Jazz as an instrument of global diplomacy 🎺

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Louis Armstrong playing for his wife Lucille in Egypt, 1959 (image via New York Times)

From 1954 to 1968, the United States sent jazz musicians like Louis Armstrong and Duke Ellington overseas to help stem the tide of communism. Writes the New York Times:

Jazz was the country’s “Secret Sonic Weapon” (as a 1955 headline in The New York Times put it) in another sense as well. The novelist Ralph Ellison called jazz an artistic counterpart to the American political system. The soloist can play anything he wants as long as he stays within the tempo and the chord changes — just as, in a democracy, the individual can say or do whatever he wants as long as he obeys the law. Willis Conover, whose jazz show on Voice of America radio went on the air in 1955 and soon attracted 100 million listeners, many of them behind the Iron Curtain, once said that people “love jazz because they love freedom.”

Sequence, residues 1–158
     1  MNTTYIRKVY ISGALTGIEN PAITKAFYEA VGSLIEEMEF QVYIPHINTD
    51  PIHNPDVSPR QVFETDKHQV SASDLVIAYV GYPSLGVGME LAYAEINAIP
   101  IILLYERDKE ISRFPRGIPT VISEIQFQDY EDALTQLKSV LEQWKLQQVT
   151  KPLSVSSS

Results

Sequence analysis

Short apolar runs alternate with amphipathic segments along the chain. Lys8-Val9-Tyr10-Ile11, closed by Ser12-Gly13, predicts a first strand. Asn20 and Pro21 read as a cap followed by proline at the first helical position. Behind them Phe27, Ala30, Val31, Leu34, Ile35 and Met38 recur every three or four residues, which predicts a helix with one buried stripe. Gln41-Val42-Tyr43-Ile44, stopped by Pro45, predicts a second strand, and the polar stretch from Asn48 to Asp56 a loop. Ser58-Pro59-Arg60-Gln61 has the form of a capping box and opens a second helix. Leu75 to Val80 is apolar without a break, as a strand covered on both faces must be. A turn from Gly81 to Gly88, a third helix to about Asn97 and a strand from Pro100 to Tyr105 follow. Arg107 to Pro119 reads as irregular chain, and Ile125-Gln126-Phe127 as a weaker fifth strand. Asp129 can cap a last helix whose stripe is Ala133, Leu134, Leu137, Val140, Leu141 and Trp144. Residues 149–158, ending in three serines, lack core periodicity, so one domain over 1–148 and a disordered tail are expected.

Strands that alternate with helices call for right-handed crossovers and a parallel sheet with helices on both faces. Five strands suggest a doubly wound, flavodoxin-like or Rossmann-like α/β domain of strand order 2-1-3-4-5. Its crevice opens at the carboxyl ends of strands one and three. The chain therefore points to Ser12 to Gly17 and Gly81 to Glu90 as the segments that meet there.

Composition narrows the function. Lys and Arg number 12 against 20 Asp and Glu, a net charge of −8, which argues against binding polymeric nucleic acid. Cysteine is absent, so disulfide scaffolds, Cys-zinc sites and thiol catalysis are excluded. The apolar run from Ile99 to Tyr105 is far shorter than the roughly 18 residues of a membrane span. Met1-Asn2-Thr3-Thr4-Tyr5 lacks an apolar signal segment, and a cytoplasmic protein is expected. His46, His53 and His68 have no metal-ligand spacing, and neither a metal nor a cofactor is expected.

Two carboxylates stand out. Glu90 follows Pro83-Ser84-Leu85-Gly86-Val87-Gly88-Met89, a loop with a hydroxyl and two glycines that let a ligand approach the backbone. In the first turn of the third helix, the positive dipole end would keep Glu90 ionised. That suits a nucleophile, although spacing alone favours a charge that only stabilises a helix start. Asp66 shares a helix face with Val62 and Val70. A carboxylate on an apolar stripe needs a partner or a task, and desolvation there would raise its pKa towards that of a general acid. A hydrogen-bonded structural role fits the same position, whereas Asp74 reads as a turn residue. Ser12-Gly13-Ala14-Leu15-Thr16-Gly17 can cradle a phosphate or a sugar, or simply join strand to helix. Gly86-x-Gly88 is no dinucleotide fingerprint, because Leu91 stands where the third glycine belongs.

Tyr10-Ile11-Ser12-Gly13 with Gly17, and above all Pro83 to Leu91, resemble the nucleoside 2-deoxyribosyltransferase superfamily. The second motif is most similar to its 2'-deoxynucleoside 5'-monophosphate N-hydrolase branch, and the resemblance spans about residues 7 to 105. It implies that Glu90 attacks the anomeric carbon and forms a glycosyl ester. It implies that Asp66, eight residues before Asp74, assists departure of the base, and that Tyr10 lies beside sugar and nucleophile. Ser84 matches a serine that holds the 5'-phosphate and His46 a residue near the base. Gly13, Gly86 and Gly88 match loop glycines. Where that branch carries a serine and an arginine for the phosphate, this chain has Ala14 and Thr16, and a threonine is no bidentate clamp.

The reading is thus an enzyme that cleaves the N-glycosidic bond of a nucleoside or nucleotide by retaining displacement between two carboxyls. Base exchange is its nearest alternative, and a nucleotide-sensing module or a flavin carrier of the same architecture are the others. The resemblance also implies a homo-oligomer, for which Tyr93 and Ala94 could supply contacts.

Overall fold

America continues its cultural hegemony by spreading its talons of soft power around the world. Some say globalization is disguised as Americanization, and that black culture is American culture. In an era of populists and fake news, it’s interesting to ponder which musicians (Kendrick Lamar?) would serve as proper ambassadors today.

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Jazz in Cairo (Louis Armstrong House Museum)

(h/t poastcards)

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